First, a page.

Matthew Taylor

Sunday shows round-up: ‘I’m pleased with’ Super-Saturday, says Health Secretary

Sunday shows round-up: 'I'm pleased with' Super-Saturday, says Health Secretary
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Matt Hancock - 'I'm pleased with what happened yesterday'

The Health Secretary was Sophy Ridge's first guest this morning. Pubs and restaurants were allowed to reopen yesterday, prompting concerns from some quarters that the public would overindulge themselves. Ridge asked Hancock how he felt so-called 'Super Saturday' had gone:

MH: From what I've seen... very, very largely, people have acted responsibly... Overall I’m pleased with what happened yesterday.

We were 'right to take firmer action' on Leicester outbreak

The city of Leicester has seen itself subjected to a lockdown extension after its rate of infection was found to have increased well above other areas of England (with cases reportedly reaching 141 per 100,000 people). Hancock defended the government's decision to implement a local lockdown:

MH: In other parts of the country, early targeted action that we took was successful... In Leicester, we put in the mobile testing units, we worked with the council [but] it was clear that the outbreak was wider in the community and that’s why we had to take the firmer action.

Government is 'worried' about Leicester's factories

Hancock pointed to several workplaces which have been suggested to be exacerbating Leicester's troubles. The Health and Safety Executive has made visits to ten factories in the city, following allegations that the garment industry was failing its duty of care to its workers, with some said to be working in shuttered premises and without social distancing measures:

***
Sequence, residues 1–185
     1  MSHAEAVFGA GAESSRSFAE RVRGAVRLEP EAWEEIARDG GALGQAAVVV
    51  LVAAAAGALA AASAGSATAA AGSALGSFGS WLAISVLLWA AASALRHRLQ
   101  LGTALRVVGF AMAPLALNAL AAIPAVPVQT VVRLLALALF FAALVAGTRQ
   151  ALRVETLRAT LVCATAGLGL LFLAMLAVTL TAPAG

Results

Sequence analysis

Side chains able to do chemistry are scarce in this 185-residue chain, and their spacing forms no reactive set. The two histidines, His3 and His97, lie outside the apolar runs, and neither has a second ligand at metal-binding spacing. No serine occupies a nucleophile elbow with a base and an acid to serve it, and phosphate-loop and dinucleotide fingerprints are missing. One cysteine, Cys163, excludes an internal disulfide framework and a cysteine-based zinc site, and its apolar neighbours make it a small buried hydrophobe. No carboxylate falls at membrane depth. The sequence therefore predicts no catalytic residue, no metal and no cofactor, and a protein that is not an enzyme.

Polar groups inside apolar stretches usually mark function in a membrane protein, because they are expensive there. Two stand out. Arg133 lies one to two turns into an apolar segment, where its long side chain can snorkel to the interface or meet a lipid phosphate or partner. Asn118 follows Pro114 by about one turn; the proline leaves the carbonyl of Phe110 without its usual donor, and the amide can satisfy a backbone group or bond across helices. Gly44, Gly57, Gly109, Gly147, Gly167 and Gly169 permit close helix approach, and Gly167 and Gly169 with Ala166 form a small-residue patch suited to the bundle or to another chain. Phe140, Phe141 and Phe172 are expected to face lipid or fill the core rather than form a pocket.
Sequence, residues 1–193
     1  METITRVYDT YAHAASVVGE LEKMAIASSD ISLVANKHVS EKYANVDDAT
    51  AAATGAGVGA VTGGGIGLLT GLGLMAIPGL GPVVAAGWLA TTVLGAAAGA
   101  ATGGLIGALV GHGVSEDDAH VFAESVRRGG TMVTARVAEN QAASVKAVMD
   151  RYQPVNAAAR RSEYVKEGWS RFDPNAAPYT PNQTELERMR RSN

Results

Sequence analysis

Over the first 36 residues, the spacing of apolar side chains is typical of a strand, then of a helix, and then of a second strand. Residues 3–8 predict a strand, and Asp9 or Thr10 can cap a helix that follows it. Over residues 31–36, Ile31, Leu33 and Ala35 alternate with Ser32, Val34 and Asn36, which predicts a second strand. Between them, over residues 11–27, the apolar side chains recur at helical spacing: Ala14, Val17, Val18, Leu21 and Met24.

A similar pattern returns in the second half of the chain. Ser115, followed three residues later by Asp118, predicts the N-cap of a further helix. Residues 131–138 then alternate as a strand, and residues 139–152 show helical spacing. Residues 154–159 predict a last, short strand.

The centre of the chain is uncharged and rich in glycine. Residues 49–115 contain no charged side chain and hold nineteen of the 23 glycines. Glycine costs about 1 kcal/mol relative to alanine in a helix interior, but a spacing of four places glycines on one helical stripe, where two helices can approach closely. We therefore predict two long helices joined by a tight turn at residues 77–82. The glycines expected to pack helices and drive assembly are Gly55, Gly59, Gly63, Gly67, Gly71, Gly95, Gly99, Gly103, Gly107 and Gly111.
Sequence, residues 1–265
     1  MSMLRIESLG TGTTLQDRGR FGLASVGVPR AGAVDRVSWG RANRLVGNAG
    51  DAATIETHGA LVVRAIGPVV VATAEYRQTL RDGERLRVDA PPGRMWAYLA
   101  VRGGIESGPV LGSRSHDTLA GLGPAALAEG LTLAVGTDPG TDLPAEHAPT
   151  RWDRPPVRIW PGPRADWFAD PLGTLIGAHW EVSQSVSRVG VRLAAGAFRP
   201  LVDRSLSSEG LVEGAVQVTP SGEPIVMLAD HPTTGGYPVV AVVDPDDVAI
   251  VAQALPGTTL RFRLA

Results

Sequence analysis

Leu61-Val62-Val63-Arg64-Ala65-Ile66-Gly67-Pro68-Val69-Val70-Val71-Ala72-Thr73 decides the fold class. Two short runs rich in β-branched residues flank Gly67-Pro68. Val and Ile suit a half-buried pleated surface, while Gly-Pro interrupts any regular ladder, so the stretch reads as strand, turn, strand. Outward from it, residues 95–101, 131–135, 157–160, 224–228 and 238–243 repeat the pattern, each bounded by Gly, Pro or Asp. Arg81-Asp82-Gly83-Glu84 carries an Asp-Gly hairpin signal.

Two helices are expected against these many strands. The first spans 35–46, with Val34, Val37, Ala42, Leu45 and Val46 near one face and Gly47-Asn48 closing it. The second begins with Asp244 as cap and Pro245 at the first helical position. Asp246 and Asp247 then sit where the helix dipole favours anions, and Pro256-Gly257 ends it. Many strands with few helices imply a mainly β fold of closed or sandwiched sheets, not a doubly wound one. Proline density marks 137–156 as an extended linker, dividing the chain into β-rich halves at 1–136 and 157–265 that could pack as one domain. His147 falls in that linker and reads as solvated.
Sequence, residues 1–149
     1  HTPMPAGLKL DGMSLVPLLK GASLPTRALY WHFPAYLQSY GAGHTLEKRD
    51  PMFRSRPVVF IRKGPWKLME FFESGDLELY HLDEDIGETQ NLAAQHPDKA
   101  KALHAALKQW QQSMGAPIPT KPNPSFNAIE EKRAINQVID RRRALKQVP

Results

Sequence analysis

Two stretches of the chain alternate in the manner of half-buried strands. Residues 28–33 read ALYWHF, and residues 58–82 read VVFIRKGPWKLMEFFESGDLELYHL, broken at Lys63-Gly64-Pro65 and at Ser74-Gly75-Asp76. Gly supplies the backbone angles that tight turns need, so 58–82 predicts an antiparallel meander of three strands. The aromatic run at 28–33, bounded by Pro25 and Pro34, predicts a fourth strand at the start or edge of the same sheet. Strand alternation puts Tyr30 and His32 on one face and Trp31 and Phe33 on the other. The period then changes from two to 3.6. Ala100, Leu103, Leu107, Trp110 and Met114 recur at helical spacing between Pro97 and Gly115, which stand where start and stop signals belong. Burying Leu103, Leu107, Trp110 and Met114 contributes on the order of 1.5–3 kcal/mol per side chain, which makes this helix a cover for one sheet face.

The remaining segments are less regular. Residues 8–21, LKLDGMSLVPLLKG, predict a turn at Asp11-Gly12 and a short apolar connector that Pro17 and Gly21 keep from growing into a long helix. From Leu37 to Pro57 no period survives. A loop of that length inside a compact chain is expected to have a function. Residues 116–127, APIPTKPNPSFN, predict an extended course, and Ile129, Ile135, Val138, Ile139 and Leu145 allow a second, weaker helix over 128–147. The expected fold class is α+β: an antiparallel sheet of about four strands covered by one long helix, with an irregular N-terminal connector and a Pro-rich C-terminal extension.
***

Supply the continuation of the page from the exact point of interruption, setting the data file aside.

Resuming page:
MH: We've seen outbreaks in food factories and in clothing factories. There are some quite significant concerns about some of the employment practices in some of the clothing factories in Leicester. They are important problems to deal with.

Government is 'not just asking nicely' over Covid compliance

Hancock told Ridge that the government had the authority to close down any business that it found was not complying with the issued Covid-19 guidance, and had indeed done so:

MH: We have the authority to be able to shut down a business if it doesn't follow [our] guidance... We're not just asking nicely, we are very clear to businesses that these are their responsibilities.

We are 'ensuring that the NHS has what it needs'

Andrew Marr also interviewed Hancock and asked him to commit that the National Health Service would continue to be funded to the level that it requires as the lockdown begins to ease:

MH: We protected the NHS during the peak of this crisis, and we will protect the NHS in the future. Even just last week we put another £1.5 billion in, so we are constantly ensuring that the NHS has what it needs... We will fund what is needed.

I want to see NHS staff 'properly rewarded, absolutely'